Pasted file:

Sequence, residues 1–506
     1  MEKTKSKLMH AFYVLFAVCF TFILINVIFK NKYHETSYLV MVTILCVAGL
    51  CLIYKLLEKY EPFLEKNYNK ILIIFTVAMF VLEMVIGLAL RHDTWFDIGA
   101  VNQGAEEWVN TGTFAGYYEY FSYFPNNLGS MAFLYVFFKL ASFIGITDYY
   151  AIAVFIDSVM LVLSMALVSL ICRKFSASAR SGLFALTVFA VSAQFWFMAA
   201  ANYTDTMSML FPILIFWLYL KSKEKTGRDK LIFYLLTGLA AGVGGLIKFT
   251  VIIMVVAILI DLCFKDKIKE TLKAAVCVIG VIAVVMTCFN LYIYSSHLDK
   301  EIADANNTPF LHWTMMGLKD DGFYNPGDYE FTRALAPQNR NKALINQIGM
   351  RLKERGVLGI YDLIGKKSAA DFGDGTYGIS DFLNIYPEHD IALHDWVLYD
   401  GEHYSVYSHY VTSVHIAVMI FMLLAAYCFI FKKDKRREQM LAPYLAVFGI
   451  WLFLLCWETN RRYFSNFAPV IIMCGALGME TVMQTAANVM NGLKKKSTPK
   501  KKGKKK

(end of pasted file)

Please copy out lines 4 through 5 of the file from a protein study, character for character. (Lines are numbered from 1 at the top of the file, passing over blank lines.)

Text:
   101  VNQGAEEWVN TGTFAGYYEY FSYFPNNLGS MAFLYVFFKL ASFIGITDYY
   151  AIAVFIDSVM LVLSMALVSL ICRKFSASAR SGLFALTVFA VSAQFWFMAA